||Restricted areas of lowland forest of West Africa
||4 - 5 years
|Number of Young
The common and pygmy hippos are the last surviving species of the family Hippopotamidae, whose ancestors once lived across Europe and Asia. Fossil remains of this family have been found in the Thames! The pygmy hippo is a shy, forest-dwelling species, which was first described scientifically in the 1840's. Many of the details of its life in the wild still remain to be discovered.
Although more terrestrial than its much larger relative, spending much of its time in swamps, the pygmy hippo is still well adapted to life in the water. Its stocky legs, each with 4 spreading toes, act as paddles, giving adequate propulsion in still waters. The tail is used as a rudder. Eyes, ears and nostrils are all positioned well up on the head, so the hippo can see, hear and breathe in comfort when its whole body is submerged. The thick, hairless hide is coated with a clear, sticky mucus, secreted from special glands. The fluid acts as a skin lubricant and sun screen.
Unlike common hippos, the pygmy hippo lives a solitary life, emerging from the cover of the forest to feed at night on aquatic plants, short grass, algae and leafy bushes. The two canine teeth protruding from the lower jaw play no part in feeding, but are used as weapons to ward off attackers or assert dominance.Births take place on land, and the whole process lasts only a few minutes. After about half an hour the calf is on its feet, ready to suckle. In time it learns to swim and to hold its breath, so it can then nurse under water.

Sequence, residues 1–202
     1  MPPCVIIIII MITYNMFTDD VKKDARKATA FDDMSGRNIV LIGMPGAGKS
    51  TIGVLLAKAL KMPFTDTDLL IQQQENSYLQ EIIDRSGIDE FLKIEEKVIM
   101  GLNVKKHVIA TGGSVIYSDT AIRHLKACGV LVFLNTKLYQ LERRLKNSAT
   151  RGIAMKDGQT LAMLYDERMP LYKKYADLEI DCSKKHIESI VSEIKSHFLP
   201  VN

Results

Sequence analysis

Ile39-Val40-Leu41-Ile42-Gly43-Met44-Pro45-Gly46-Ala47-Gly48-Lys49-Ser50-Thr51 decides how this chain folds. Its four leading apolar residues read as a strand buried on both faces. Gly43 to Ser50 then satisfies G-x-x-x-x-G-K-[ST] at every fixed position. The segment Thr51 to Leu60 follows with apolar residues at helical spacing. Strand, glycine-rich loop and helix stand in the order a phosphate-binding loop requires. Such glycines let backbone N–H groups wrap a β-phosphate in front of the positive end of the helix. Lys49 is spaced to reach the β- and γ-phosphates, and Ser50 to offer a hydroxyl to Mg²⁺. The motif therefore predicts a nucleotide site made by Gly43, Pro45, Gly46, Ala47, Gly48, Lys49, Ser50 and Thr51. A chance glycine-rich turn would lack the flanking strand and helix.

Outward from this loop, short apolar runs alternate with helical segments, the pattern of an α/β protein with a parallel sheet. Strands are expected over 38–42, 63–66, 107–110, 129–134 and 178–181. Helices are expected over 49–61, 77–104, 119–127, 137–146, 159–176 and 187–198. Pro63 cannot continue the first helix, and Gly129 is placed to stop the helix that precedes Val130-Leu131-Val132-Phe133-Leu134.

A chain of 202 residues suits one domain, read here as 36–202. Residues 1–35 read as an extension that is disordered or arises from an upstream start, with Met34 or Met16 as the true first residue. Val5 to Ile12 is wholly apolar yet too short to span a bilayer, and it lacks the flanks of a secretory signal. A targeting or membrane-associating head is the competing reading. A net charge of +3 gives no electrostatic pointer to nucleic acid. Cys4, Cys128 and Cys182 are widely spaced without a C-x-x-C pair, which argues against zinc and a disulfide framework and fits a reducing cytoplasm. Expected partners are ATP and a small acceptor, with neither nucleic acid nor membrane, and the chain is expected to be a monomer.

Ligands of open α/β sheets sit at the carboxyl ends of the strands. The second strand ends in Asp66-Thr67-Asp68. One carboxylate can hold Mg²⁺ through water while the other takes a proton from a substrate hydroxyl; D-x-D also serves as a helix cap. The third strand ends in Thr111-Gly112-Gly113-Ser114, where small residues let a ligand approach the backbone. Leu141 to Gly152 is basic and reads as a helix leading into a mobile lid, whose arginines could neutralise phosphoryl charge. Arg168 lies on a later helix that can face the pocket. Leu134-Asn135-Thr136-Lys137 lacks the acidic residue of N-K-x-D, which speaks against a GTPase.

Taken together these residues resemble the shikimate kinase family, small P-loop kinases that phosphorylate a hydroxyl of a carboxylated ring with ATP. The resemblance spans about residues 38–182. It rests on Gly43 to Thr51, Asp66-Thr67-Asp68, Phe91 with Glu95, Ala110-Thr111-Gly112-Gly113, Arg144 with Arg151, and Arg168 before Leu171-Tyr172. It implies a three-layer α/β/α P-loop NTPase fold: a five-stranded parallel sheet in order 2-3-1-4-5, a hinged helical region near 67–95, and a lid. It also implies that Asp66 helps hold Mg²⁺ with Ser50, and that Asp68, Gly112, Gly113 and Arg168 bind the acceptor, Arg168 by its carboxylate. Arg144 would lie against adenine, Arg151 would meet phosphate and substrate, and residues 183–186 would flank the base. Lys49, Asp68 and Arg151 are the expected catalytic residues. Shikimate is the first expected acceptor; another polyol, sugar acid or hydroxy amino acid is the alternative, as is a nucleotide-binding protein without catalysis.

Pygmy hippos have never been an abundant or widespread species, but hunting for food by local people and rapid destruction of their habitat by logging has reduced their numbers drastically.
About the size of a large pig, round body and pillar-like legs.
Due to their attractiveness and rarity, pygmy hippos have long been popular zoo animals. Early breeding successes in Washington Zoo and Basel Zoo enabled zoos to stock only captive bred animals. There are now several hundred in captivity. The pair at Marwell has a pool to wallow in and a large paddock. Because of their solitary nature they are kept apart most of the time only being put together for mating.
©2009 Marwell Wildlife